Justice Is Served

July 11, 2010 11:48 PM

Local media let 'King James' play them for fools


You probably missed this headline Sunday if you didn't live in Cleveland and subscribe to the city's major daily. The headline read: "We're fooled by a different James."

The words didn't get it straight. What the headline should have said was that the fawning over a star athlete let the city dream dreams it wasn't entitled to dream. It sat back and allowed media to play cozy with LeBron James, and they focused too much time on trying to get James to like them but never did get to know him.

Yet he was right there in front of them all -- the real LeBron James, the petty and self-possessed and pathetic character they now know: the crass and shallow kid who rooted for the Yankees and the Cowboys and whose smile disarmed the media without letting any of them get close to him. Oh, they all thought they knew James. Some of them had covered him since high school, back at those AAU and Nike summer camps; they had hounded James' friends, trying to get inside his cloistered circle, wanting a glimpse that he was unwilling to give them.

So, as journalists and as men and women hired to chronicle the life of a famous athlete, they settled for less. They hero-worshiped; they forgot to do their jobs; they held LeBron James and his entourage accountable for nothing, acquiescing to their whims. For five minutes of James' time, the media would have traded their homes, their cars, their spouses for a story nobody else could get.  

Others enabled all of this, too.

Start with the Cavaliers themselves. Owner Dan Gilbert, the front office and coaches seemed as fearful of upsetting James as the local media were of offending his sensibilities. The PR staff, former general manager Danny Ferry and fired coach Mike Brown shielded James from anything he didn't want to be bothered with; they demanded nothing he wasn't willing to give, including his best effort.

They had seven years to get to know James, the team did. The local media had more than a decade. He left for Miami last week with the media here knowing as much about him after 10 years as they did when his name first made headlines in the 1990s.

All the signs of who he was were there -- all of them, if the media had bothered to dig right down into it. They didn't, not the people who covered him season after season in Cleveland. They played court jesters to King James. What they saw wasn't what they got.

And what did they miss? The most telling sin of all: his greed.

A man doesn't have much ambition if he makes being a billionaire his target. If a man covets money, he'll never have enough of it, because $1 billion isn't enough when somebody else has $20 billion or $30 billion. What can all these billions buy a man if his needs are as pedestrian as a James' are? How many Bentleys and million-dollar mansions and bottles of Dom Pérignon Rosé does he need to live a king's life?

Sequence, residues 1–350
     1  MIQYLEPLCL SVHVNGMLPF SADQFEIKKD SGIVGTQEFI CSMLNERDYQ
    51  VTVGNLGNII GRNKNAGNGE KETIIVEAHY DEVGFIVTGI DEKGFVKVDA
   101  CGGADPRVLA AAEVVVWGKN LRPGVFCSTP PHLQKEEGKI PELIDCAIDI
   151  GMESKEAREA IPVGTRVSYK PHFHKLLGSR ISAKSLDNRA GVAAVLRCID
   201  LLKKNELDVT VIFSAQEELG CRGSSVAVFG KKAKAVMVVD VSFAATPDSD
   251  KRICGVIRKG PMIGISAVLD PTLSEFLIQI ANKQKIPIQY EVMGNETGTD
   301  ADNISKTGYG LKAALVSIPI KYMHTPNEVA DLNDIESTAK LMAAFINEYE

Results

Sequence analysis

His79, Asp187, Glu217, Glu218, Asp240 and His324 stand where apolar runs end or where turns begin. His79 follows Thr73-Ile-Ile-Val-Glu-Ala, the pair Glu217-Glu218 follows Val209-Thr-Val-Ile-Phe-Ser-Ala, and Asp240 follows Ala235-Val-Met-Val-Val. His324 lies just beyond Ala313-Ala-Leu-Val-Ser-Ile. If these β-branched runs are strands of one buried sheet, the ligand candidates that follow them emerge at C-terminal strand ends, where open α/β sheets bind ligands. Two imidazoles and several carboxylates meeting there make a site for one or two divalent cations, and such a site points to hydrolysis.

The media here never figured that out. They never wondered aloud what his game plan was, never looked into what was the reason behind his quest for enormous wealth and never questioned his reluctance to open his world a bit for people to peek inside.

His is a public life, as any star's life is. Few stars as bright as James have kept the paparazzi and the adulators and the hangers-on and the public at such a marathon's distance. It was only his close-knit band of brothers from Akron, Ohio, that knew him well and stayed tied to his success, to his wealth and to his obsessions.

It would be pointless and wrong to criticism James for being loyal to his boyhood friends, because a man should keep his friendships in good repair. Those friends are his safety net, his lifeline that protects him from those spying eyes of outsiders, especially when those spying eyes are those of journalists.

Those eyes never spied. They believed what they saw in James, but they didn't seem interested in seeing much beyond the superficial. They knew they had a star in front of them -- a once-in-a-generation star. So they kowtowed to his wishes; they accepted less from him because they wanted to win his favor.

In the end, his favor wasn't worth winning, which is why the soul-searching goes on now in Cleveland. The media should never have stopped doing what journalists do. They should have been covering the self-styled King - the man Sports Illustrated anointed the "Chosen One" -- as they would have covered any celebrity or any public official.

Had the media done so, they would have found out earlier who LeBron James was before his Royal Highness broke the city's heart and then spawned all this introspection that comes too late to serve a meaningful purpose. 

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